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International Journal of Otolaryngology
Volume 2010 (2010), Article ID 978594, 7 pages
Clinical Study

Investigation of Balance Function Using Dynamic Posturography under Electrical-Acoustic Stimulation in Cochlear Implant Recipients

Department of Otolaryngology, Medical University of Hannover, 30625 Hannover, Germany

Received 9 February 2010; Revised 4 May 2010; Accepted 11 May 2010

Academic Editor: Peter Sargent Roland

Copyright © 2010 B. Schwab et al. This is an open access article distributed under the Creative Commons Attribution License, which permits unrestricted use, distribution, and reproduction in any medium, provided the original work is properly cited.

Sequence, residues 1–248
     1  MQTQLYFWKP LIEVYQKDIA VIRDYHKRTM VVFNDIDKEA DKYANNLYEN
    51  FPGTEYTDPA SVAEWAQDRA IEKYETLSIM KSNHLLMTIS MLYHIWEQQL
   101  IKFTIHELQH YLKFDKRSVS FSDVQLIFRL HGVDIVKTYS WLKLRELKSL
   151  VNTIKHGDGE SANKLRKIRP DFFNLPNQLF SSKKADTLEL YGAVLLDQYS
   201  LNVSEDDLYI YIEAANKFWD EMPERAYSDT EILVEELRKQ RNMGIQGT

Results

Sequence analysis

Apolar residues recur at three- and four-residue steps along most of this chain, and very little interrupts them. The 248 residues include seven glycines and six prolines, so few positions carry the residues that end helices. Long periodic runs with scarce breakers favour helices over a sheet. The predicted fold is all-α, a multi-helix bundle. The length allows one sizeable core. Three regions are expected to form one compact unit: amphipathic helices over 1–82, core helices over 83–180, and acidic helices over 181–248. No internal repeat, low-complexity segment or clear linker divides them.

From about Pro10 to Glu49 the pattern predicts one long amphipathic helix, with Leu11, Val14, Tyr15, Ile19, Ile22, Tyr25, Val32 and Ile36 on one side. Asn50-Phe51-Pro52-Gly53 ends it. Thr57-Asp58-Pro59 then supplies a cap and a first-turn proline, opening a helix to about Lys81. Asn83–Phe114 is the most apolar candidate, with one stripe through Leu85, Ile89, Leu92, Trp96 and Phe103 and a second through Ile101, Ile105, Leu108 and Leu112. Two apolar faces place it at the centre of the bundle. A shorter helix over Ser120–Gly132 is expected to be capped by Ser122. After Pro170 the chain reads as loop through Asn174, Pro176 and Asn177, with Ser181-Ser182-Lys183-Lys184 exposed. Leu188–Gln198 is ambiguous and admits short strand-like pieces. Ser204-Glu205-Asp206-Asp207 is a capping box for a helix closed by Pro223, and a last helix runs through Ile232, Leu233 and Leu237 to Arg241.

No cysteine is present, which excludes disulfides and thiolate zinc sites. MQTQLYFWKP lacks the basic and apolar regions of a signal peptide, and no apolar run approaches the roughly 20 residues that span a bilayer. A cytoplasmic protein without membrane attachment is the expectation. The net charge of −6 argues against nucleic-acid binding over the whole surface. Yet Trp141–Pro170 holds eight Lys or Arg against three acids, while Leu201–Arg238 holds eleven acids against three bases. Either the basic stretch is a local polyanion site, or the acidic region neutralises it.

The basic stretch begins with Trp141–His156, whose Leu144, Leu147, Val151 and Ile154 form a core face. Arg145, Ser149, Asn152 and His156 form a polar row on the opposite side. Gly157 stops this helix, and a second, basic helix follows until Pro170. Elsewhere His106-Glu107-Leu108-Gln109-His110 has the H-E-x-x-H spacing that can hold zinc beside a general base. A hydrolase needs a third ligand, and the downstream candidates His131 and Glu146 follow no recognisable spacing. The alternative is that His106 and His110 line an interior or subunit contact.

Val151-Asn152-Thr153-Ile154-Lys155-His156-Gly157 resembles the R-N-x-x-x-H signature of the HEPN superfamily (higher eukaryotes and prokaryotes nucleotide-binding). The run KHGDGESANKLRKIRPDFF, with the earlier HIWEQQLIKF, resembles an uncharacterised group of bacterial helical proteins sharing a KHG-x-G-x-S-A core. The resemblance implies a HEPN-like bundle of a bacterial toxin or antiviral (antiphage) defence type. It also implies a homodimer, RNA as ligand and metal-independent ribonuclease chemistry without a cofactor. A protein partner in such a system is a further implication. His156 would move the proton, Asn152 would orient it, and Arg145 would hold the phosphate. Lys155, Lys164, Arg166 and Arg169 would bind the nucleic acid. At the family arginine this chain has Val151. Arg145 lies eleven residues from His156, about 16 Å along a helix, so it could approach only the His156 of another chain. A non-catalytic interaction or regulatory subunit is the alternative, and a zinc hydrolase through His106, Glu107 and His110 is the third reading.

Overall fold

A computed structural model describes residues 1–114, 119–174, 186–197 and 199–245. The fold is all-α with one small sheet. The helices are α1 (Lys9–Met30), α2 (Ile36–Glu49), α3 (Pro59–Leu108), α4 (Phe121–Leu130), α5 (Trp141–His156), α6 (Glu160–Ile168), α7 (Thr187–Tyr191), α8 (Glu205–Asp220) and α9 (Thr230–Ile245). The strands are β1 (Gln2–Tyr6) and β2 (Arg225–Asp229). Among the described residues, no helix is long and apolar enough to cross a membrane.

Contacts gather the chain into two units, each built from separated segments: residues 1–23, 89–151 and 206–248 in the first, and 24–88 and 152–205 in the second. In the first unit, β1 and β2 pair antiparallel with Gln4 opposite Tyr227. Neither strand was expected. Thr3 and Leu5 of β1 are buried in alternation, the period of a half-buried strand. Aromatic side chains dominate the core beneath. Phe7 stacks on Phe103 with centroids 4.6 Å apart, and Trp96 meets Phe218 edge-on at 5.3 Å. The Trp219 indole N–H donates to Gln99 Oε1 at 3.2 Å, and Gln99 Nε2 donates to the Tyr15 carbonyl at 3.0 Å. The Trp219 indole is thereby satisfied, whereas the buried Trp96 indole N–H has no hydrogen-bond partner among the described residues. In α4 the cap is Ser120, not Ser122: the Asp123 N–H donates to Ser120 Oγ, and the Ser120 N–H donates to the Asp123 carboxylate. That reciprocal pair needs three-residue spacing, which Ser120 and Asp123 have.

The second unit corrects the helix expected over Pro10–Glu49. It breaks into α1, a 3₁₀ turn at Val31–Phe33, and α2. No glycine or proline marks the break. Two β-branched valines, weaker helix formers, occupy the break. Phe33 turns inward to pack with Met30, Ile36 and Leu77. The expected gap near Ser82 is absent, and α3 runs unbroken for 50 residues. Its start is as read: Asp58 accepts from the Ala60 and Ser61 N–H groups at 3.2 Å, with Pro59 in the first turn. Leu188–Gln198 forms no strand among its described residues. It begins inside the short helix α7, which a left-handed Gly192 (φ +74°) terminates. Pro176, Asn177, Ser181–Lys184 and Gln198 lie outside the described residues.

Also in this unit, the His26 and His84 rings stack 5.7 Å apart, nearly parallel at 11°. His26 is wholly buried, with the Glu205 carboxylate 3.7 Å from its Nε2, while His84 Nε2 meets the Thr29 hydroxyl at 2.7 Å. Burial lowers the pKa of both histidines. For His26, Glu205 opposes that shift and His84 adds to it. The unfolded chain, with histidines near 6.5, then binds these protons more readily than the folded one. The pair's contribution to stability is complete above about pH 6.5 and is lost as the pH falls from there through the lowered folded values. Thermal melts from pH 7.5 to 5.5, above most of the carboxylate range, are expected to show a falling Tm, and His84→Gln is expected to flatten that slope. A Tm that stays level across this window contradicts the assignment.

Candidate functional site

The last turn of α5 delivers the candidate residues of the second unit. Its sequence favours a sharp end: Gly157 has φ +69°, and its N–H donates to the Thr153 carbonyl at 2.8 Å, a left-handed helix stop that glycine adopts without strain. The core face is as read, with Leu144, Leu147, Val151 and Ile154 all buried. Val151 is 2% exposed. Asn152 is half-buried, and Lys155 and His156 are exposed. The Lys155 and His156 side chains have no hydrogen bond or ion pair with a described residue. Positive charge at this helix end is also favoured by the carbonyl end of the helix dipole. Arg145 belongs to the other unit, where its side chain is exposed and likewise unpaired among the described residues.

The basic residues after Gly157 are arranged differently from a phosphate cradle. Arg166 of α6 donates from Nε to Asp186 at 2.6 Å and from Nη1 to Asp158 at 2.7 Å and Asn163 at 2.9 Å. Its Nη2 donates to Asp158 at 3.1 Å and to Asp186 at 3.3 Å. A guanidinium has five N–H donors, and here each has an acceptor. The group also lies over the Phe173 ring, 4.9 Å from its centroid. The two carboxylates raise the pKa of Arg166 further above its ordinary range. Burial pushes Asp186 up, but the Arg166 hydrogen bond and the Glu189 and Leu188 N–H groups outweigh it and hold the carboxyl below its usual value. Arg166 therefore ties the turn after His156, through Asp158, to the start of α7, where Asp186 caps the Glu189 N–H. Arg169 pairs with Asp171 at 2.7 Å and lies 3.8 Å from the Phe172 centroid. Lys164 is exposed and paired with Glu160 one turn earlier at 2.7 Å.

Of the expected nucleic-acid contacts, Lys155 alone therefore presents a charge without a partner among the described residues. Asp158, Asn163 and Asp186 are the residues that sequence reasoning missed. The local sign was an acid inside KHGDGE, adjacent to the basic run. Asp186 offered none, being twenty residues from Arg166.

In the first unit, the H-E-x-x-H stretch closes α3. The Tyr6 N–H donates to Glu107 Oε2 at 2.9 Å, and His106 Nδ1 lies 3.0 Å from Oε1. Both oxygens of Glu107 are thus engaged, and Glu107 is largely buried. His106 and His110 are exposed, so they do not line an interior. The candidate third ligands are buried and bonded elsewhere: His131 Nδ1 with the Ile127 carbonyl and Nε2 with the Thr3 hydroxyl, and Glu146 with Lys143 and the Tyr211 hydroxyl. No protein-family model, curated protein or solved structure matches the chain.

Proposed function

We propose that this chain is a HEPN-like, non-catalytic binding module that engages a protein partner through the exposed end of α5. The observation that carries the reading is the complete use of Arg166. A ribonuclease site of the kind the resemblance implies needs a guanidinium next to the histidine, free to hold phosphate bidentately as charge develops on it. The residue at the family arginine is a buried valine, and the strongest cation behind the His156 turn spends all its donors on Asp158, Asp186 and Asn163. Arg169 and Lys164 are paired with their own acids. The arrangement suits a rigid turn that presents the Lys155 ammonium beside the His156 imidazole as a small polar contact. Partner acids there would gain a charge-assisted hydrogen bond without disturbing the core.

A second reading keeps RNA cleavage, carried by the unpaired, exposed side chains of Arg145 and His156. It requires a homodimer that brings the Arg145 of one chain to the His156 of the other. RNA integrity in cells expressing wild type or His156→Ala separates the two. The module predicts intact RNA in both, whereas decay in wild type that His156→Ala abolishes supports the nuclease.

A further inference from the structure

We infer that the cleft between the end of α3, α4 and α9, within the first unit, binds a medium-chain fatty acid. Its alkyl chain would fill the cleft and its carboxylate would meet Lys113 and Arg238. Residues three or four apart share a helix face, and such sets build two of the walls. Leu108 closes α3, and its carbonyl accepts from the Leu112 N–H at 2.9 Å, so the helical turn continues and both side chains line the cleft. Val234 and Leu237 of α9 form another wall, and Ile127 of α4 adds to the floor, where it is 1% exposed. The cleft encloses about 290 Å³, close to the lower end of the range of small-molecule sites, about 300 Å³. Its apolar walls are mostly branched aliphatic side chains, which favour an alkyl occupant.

Introduction. The purpose of the present study is to investigate the effect of electrical-acoustic stimulation on vestibular function in CI patients by using the EquiTest and to help answer the question of whether electrically stimulating the inner ear using a cochlear implant influences the balance system in any way. Material and Methods. A test population ( 𝑛 = 5 0 ) was selected at random from among the cochlear implant recipients. Dynamic posturography (using the EquiTest) was performed with the device switched off an switched on. Results. In summary, it can be said that an activated cochlear implant affects the function of the vestibular system and may, to an extent, even lead to a stabilization of balance function under the static conditions of dynamic posturography, but nevertheless also to a significant destabilization. Significant improvements in vestibular function were seen mainly in equilibrium scores under conditions 4 and 5, the composite equilibrium score, and the vestibular components as revealed by sensory analysis. Conclusions. Only under the static conditions are significantly poorer scores achieved when stimulation is applied. It may be that the explanation for any symptoms of dizziness lies precisely in the fact that they occur in supposedly noncritical situations, since, when the cochlear implant makes increased demands on the balance system, induced disturbances can be centrally suppressed.